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Early Music

Classical Editor: Rob Barnett                               Founder Len Mullenger

Antonio VIVALDI (1678-1741)
La verità in cimento RV 739 (1720)
Nathalie Stutzmann, contralto
Gemma Bertagnoli, soprano
Sara Mingardo, contralto
Guillemette Laurens, mezzo-soprano
Philippe Jaroussky, counter-tenor
Anthony Rolfe Johnson, ténor
Ensemble Matheus/Jean-Christophe Spinosi
Rec: September 2002, Eglise de Doulas, France
OPUS 111 OP30365 [136.13]


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Vivaldi's opera La verità in cimento was first performed in Venice in 1720 in the small Teatro S. Angelo. Competition was rife, and Vivaldi could not secure one of the larger theaters for the performance. This work was controversial, and led to a polemic between those who wanted a more conservative form of opera to continue, and those, such as Vivaldi, who had a new vision. Yet this controversy helped La verità in cimento be a success, not only in Venice, but also throughout Europe. Of all Vivaldi's operas, none is found in more copies in European libraries.

The first thing that surprises in this recording is the proximity of the soloists in the soundscape. After an opening sinfonia in three movements, where the orchestra is heard as in a hall or church, the opening recitative sounds as though the singer were in your living room. All the vocalists are this close during the recitatives, which is a bit disconcerting. When singing arias they sound as if they took a few steps back to let the orchestra through. But overall the sound is disappointing.

The Ensemble Matheus joins here with an interesting group of soloists, but disappointments abound. Contralto Nathalie Stutzmann has an attractive, dark voice, but wavers too much, and her vibrato seems to flow against the music. Unfortunately, this vibrato seems to be contagious - Gemma Bertagnoli, who is in fine voice in spite of this, overdoes it as well. Given the small orchestra backing up these singers, the vibrato stands out far too much.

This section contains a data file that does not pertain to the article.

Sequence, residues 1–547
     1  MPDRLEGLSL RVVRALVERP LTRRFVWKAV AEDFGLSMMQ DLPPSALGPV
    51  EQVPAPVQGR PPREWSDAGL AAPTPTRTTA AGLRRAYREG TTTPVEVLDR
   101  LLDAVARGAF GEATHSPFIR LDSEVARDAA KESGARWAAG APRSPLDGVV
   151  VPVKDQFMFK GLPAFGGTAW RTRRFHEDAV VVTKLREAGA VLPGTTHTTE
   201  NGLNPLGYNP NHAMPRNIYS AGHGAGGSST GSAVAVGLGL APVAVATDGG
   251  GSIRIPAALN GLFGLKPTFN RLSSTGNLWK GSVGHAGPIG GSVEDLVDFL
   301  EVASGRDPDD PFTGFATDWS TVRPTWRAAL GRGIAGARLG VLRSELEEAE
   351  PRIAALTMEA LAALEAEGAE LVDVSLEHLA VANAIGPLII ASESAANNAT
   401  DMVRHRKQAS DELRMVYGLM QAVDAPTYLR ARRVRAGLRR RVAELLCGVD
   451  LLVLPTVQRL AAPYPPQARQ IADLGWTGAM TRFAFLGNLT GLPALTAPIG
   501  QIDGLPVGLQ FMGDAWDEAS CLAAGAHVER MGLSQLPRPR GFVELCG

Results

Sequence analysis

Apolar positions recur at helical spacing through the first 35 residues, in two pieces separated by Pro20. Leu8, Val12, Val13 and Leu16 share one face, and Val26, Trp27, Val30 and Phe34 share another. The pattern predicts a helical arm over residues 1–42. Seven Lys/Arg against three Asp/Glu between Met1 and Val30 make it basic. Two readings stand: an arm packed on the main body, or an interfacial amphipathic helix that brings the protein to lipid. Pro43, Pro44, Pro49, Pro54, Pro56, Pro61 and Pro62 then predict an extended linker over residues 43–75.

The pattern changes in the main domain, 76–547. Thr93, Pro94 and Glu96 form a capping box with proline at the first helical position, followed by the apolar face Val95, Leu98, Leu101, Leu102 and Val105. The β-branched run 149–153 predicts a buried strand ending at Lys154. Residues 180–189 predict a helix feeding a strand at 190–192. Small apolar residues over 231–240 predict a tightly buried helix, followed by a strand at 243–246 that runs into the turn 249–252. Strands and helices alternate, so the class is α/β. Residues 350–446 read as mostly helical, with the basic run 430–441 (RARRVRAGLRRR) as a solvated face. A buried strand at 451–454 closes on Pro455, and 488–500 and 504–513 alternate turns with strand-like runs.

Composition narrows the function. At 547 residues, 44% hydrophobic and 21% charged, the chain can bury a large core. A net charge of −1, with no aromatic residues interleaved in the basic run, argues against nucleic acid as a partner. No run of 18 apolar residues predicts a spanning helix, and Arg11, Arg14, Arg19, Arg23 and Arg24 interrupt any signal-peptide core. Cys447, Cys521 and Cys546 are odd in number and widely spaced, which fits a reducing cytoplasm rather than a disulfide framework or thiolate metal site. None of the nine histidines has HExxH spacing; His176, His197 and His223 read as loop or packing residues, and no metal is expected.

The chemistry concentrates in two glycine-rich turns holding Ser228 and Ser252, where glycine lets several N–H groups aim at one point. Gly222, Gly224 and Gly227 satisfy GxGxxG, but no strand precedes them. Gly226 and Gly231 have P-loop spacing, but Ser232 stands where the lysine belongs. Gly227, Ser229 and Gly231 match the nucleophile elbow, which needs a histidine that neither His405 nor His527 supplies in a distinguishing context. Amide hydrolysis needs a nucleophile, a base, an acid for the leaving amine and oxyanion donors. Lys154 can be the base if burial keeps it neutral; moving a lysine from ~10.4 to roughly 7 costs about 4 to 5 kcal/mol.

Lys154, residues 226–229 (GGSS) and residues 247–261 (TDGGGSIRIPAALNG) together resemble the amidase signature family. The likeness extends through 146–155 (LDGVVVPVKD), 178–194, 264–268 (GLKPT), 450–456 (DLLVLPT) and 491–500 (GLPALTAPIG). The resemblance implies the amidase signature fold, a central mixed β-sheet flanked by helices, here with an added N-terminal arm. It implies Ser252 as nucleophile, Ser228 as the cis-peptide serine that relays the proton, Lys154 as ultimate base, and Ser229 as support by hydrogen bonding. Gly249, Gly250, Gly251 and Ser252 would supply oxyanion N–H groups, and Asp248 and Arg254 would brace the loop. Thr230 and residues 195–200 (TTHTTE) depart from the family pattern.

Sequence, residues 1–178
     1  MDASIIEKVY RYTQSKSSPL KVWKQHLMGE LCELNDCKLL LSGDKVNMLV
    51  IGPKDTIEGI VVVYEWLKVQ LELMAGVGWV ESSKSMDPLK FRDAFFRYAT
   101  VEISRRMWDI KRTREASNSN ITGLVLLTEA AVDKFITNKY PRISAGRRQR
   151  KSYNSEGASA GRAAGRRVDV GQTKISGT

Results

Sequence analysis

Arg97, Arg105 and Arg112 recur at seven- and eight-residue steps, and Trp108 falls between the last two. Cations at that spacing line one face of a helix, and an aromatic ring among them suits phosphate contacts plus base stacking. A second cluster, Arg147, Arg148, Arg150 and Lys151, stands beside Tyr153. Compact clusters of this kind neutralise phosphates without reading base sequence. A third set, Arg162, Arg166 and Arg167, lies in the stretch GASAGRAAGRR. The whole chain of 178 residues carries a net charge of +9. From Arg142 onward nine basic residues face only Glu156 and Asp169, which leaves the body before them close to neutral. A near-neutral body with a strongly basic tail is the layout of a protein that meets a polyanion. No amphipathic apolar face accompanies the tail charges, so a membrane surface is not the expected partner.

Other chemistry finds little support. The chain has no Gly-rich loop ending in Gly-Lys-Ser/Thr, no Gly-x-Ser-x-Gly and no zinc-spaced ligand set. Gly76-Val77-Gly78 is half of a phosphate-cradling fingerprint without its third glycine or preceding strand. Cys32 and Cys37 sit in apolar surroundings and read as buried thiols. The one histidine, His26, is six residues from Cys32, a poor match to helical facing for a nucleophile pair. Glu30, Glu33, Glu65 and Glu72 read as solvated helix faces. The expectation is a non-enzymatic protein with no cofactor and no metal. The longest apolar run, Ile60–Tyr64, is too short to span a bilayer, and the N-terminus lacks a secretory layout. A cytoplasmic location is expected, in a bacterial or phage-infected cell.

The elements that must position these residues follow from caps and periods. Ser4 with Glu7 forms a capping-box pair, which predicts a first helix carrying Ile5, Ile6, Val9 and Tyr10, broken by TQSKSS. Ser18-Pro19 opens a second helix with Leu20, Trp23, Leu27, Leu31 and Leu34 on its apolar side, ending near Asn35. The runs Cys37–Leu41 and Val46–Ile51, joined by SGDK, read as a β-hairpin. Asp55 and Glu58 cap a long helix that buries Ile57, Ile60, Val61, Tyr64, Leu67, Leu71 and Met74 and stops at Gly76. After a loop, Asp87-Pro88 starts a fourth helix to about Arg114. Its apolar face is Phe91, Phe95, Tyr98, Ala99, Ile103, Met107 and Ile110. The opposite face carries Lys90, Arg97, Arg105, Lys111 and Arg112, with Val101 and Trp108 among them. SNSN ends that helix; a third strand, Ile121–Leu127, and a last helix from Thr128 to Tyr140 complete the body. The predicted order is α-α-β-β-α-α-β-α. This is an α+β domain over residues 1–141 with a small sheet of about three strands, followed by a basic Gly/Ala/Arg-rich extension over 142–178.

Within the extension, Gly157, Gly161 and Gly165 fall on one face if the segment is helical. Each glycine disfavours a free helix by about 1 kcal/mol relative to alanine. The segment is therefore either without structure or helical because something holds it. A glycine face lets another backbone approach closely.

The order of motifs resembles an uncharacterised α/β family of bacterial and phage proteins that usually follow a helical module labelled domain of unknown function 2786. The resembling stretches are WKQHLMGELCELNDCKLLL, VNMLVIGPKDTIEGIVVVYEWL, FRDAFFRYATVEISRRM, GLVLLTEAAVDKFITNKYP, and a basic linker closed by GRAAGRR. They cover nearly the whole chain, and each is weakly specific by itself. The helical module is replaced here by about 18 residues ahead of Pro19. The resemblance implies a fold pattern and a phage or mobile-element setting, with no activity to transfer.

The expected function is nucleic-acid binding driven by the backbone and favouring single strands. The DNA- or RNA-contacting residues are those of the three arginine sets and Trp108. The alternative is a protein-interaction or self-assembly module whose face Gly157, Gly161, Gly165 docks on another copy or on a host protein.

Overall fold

Counter-tenor Philppe Jaroussky is excellent, and his first aria, Tu m'offendi, is one of the finest numbers in this work. Jaroussky has a very feminine sounding voice, which fits well with the high range of this aria. Anthony Rolfe Johnson is excellent as Mamud; his aria Vinta a pie d'un dolce affeto, in act 2, is one of the high points of the recording. He combines a strong voice with subtle phrasing, which, together with the driving accompaniment, is memorable.

Another admirable moment is the quintet at the end of the second act. It is always difficult to have so many soloists work together so perfectly, but their voices meld and flow like honey in this fine piece.

The orchestra is effective and sounds good, though the recitative accompaniments sound strange - sometimes harsh, sometimes too distant, they don't seem to accord with the soloists at this time. But when backing the singers in their arias, the orchestra is well balanced and incisive though perhaps too much for some tastes. There are many sharp edges; this music could do with a bit of softening and subtlety.

All this adds up to a recording that will please some and irk others. This is fine music, but the performances are not ideal. This is the only currently available recording of this work so Vivaldi fans will want to snap it up. Unfortunately it is not as good as some of the other excellent recordings that Opus 111 has released in their Vivaldi series.

Kirk McElhearn

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